The series is based on a kind of end of world scenario where people are infected by alien spores that have a bit of a hive mind. Humans are being hunted now and there is not much sign of hope. As the books progress mankind is more and more on the back-foot and we are given different perspectives on the out-break, the link to the books is the outbreak, not the characters that change from book to book. In Terminus an over-run New York has been nuked in a desperate attempt to slow or destroy the infection but it is discovered that a key bunch of scientists may be surviving in the subway system. A disparate team is sent in to try and find them and or recover any key research. And, of course, things do not go well.
There is an undercurrent in these books that mankind is doomed so you feel that there will not be a miracle cure or a resolution, you are watching the death of humanity. And that becomes the series weakness, as a reader you have no hope or expectation that anything you are reading will make a difference, so your view becomes “when” and not “if”.
Having said that, this is full of action and tension and delivers well.


Eagles at War: (Eagles of Rome 1)
Eagles at War: (Eagles of Rome 1)
by Ben Kane
Edition: Hardcover
Price: £7.00

1 of 1 people found the following review helpful
5.0 out of 5 stars Fantastic, 14 May 2015
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The headline here is that this is the story of how three Roman Legions were broken by treachery and ambush in the German Teutoberg forest.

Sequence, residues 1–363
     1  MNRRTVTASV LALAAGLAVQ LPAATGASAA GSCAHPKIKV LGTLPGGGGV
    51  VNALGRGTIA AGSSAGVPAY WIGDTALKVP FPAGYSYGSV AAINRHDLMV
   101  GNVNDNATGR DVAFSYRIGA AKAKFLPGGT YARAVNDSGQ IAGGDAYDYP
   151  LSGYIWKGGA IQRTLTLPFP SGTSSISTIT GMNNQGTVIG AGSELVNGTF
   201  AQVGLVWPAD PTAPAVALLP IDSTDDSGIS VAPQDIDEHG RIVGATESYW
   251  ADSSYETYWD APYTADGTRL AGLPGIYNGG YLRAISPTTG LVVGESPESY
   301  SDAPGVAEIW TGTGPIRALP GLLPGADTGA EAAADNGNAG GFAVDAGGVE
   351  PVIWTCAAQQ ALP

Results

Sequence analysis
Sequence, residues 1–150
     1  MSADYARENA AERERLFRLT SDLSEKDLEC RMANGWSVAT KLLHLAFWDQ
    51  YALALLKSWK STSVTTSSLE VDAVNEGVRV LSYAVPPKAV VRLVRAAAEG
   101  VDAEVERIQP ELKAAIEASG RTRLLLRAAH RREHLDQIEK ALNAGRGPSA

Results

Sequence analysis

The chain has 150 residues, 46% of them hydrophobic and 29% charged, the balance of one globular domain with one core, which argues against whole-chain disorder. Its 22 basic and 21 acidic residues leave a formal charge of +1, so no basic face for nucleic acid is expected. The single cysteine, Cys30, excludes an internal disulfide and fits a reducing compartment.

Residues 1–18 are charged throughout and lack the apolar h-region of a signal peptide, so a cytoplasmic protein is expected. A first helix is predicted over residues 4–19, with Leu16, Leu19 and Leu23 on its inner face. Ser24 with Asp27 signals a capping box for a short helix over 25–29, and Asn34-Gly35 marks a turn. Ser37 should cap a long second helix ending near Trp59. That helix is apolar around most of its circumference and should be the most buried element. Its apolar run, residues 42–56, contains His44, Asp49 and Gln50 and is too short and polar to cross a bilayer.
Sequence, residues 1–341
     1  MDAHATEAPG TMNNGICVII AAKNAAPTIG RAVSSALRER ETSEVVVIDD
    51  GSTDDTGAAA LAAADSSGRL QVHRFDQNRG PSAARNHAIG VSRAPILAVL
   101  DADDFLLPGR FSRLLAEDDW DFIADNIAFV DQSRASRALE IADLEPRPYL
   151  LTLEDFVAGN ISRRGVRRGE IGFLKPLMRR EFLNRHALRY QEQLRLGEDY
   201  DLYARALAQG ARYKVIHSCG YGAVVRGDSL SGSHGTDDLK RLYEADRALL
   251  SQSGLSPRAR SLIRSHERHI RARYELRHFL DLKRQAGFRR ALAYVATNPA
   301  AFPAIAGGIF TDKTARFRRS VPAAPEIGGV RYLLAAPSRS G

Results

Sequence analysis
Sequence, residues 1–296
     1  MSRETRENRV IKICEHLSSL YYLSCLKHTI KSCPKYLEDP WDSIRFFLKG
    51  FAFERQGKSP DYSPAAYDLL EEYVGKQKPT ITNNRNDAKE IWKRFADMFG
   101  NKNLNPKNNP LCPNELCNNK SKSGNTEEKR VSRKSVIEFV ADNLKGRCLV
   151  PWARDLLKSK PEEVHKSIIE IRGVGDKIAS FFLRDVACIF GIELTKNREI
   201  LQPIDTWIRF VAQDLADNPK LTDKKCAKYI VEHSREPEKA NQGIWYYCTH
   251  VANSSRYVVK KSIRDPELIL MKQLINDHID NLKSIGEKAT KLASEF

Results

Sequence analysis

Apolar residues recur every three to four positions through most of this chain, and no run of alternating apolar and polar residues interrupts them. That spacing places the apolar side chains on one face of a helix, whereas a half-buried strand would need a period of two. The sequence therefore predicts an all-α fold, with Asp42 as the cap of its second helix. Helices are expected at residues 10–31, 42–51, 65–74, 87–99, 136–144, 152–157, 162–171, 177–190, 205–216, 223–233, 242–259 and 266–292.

The detail is far more complex, interesting and compelling. As an author Ben Kane grows in confidence, output and continues to exceed expectations. He skirts with danger here as many will be aware of what happens, so we kind of know how this will end, but we are engaged by depth of detail and strong characterisation. On the Roman side we have Tullus. A middle aged and experienced soldier but no superstar on the battlefield. Just a strong professional leader of men. On the other side we have Arminius the charming traitor who has bided his time to destroy the Romans. And it is a testament to the quality of the writing that you quite like Arminius and can see his perspective. We also understand the dynamics of the Roman troops, the camaraderie and conflict so you do feel their pain, fear and loss more than you would expect. You also understand the resentment of the tribes in the arrogant way the Romans treat them a real perspective of the two sides in this conflict

There are more than a few very good writers in this space and Ben Kane sits very comfortably with them and this is an exceptional effort.


The Kind Worth Killing
The Kind Worth Killing
by Peter Swanson
Edition: Hardcover
Price: £9.99

5.0 out of 5 stars Two psychos meet in a bar......, 30 April 2015
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This review is from: The Kind Worth Killing (Hardcover)
A story of dark characters and murder. A casual chat in an airport lounge leads to murder and revenge. Very few sympathetic characters here but a plot that is dark and twists in all sorts of directions. Much like Gone Girl, the main leads here are not nice people and the things they do are very much not nice either. But in the main it keeps you guessing and on your toes throughout and is very well delivered, perhaps the only flaw being in the final twist. It is a solid, engrossing and deliciously dark journey and recommended to those who enjoy fully fleshed out darker characters.